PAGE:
ip2location uses reverse IP lookup to offer a wide range of geolocation services including:
ISO3166 country codeRegion or stateCityLatitude and longitudeZIP/Postal codeInternet Service Provider (ISP) or company name
This is a very granular solution enabling you to pick exactly the features you need and no other. There’s also a range of add-ons that you could acquire to meet specific business needs.
There’s a demo version along with sample API code.
TierCredits / yearPrice / monthTrial5,000$0WS100,000$49WS10X1,000,000$441WS50X5,000,000$1960
Ip2location uses a REST API and documentation with examples is available on the pricing page. The data is updated monthly.
This geolocation API is structured as five modules that provide different functionalities:
Location: locates website visitors using IP lookupCurrency: detects local currency based on a visitor’s IP addressTime zone: identifies the visitor’s local time zoneConnection: provides ASN and ISP dataSecurity: detects proxies and TOR users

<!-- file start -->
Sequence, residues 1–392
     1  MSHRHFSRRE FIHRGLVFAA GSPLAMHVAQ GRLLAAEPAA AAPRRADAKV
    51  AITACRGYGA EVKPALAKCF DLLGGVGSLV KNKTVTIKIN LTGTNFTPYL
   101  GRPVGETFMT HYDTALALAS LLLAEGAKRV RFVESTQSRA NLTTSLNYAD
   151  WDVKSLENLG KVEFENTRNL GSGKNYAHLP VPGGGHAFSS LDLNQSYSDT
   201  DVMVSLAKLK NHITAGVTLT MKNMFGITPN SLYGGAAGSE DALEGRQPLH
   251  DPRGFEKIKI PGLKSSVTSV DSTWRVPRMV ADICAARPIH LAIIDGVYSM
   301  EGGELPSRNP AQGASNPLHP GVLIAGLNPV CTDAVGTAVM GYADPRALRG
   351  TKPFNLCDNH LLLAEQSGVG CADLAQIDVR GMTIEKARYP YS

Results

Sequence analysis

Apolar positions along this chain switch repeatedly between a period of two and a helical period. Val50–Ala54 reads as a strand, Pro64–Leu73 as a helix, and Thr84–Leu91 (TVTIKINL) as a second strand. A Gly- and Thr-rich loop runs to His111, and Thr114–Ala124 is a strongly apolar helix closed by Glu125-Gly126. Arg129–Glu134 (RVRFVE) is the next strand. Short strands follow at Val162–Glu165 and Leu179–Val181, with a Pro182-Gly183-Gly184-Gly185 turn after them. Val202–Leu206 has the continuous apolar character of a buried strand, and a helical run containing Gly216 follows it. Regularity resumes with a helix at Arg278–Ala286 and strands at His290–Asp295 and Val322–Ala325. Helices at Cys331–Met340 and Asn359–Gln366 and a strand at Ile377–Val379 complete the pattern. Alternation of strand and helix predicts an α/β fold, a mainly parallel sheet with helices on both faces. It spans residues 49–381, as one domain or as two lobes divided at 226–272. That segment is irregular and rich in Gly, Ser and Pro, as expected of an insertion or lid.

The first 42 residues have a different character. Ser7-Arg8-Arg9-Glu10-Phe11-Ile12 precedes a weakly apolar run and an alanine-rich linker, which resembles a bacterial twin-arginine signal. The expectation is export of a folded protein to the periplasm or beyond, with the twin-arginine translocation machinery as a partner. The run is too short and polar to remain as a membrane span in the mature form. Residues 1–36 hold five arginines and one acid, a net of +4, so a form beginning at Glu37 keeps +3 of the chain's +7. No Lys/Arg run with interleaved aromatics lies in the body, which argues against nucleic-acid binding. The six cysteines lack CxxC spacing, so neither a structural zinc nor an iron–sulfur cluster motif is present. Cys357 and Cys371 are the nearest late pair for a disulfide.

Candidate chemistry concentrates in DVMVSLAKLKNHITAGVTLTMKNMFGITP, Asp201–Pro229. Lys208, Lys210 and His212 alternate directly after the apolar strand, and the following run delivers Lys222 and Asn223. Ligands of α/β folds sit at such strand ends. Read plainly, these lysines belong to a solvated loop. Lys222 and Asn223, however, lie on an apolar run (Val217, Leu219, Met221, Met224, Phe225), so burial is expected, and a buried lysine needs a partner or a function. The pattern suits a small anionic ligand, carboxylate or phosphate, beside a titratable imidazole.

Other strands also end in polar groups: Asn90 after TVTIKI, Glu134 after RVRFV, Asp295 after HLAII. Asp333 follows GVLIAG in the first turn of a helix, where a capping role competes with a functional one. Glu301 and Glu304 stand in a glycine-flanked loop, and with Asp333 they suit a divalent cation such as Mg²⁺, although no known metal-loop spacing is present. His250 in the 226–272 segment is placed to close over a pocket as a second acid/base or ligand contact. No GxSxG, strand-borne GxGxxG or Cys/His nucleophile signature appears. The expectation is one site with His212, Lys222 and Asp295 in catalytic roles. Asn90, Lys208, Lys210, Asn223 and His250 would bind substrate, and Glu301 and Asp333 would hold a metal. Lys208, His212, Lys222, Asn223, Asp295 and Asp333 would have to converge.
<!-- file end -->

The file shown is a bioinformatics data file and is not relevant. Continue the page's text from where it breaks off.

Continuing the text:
The free plan offers access to the location module only. Access to the API is easy with a link to the key offered from the product’s homepage.
The ipstack API is very easy to access with documentation readily available. The data is updated daily.
TierMax API calls / monthPrice / monthFree5,000$0Basic50,000$9.99Professional500,000$49.99Professional plus2,000,000$99.99
Country flagLanguageCurrencyTime zoneFraud preventionCalling code
If you’ve prepared different language versions of your website, then the language detection will support redirecting users to the correct version for them. Just make sure you have a manual selection option for the best user experience.
Fraud prevention will enable the detection of VPNs and proxies which could be critical in banking or e-commerce use cases.
TierMax API calls / monthPrice / monthFree1,000$0Standard50,000$10Business500,000$50Business plus2,000,000$100
The free API key is available from a homepage link and ipapi’s API is easy to use with the vendor claiming that you can learn it in 10 minutes. The data is updated daily.
Maxmind’s capabilities span the spectrum of geolocation data including: